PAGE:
Clarke pocketed the £15 cash payment and settled down to a post-war life of more financially productive writing. Delighted with the success of his first non-fiction book, Interplanetary Flight, Clarke turned to fiction – including a stint as advisor to the comic strip ‘Dan Dare’ in Eagle magazine. His favourite science fiction novel – the mystical Childhood’s End (1953) – was groundbreaking: a true work of literature in a genre that had largely concerned itself with boys’ toys.

Arthur is driven by science, almost to exclusion of everything else. I wonder whether this is the reason why his marriage to Marilyn Torgenson failed in 1953 after a mere six months.

But Clarke undoubtedly has his passions. One is table tennis; the other is scuba-diving. In 1950, Arthur met Mike Wilson, a romantic adventurer with an obsession for ‘skin diving’ (as it was called then). The pair embarked on a scuba trip to the Great Barrier Reef in 1954, then followed it up with a major dive in Ceylon (now Sri Lanka) in 1956.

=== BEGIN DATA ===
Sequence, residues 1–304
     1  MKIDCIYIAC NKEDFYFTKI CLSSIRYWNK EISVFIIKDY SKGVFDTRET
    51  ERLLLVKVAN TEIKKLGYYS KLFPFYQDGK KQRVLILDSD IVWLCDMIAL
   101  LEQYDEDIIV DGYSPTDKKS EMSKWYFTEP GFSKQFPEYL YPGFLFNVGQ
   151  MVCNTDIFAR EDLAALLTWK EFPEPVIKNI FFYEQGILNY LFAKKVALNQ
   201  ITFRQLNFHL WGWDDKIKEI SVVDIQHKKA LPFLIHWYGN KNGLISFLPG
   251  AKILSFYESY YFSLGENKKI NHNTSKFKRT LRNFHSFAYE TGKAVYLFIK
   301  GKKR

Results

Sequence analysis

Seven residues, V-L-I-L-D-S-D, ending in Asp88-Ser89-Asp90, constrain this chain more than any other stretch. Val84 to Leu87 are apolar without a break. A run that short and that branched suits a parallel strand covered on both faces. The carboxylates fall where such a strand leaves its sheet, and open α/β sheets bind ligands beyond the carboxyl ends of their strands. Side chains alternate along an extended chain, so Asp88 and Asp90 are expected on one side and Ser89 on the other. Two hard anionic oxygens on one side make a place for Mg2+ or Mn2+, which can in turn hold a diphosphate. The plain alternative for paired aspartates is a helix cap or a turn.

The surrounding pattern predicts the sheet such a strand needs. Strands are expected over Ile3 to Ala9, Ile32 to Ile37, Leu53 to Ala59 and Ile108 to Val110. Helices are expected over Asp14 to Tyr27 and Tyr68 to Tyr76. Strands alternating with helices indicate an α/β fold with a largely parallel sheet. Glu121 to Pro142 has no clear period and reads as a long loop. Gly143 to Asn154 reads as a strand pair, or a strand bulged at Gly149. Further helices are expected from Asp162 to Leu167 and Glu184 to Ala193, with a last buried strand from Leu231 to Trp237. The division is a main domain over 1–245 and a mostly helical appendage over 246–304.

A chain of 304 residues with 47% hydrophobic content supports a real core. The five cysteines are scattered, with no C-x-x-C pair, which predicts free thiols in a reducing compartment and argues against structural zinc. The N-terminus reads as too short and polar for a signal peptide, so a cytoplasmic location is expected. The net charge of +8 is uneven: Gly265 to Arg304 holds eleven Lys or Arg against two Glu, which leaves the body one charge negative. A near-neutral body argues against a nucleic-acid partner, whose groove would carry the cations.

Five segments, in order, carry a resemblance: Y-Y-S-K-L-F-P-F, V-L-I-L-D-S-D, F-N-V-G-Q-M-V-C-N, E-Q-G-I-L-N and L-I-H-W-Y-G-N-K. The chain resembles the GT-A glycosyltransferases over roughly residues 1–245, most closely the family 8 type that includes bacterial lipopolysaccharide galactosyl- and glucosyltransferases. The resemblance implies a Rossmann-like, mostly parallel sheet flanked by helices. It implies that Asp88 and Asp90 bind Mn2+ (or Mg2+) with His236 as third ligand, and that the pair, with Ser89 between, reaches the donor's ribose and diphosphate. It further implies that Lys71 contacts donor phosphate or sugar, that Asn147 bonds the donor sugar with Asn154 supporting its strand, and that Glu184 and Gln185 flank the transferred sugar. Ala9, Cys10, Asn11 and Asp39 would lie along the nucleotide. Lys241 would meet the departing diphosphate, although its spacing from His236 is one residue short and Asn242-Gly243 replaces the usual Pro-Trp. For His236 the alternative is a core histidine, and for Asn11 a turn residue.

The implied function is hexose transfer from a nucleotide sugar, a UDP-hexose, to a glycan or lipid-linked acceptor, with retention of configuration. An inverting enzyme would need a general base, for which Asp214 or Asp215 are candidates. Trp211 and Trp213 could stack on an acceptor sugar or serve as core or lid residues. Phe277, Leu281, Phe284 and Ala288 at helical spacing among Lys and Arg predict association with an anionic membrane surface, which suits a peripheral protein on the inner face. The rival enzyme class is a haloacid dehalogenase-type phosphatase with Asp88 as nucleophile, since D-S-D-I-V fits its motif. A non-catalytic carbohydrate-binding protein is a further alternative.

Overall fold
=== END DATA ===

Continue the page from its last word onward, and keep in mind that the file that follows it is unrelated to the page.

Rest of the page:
Heather Couper presents Arthur with British donations for tsunami relief

CREDIT: Martin Redfern

What got Clarke into diving? “Entirely my interest in space travel. I realised I could experience weightlessness”. Diving led Clarke into deeper waters that he could have anticipated – like a dramatic move out of London to Sri Lanka, with which he had totally fallen in love. He founded a dive centre, and wrote a number of dive books, illustrated with his own underwater photographs. The recent tragic tsunami in Sri Lanka carried off a number of the dive centre boats, though the west of the country came off relatively unscathed.

Clarke’s fans were disappointed when he appeared to swap science fiction for scuba diving in the mid-fifties. But they needn’t have worried. Arthur was to return with a vengeance. He was about to tackle the screenplay of 2001.

In 1964, film director Stanley Kubrick had just put the finishing touches to his epic movie Dr Strangelove. Then he came up with his latest idea – “a film on ETs”. But who could advise him? Colleagues said that there was only one choice – Clarke.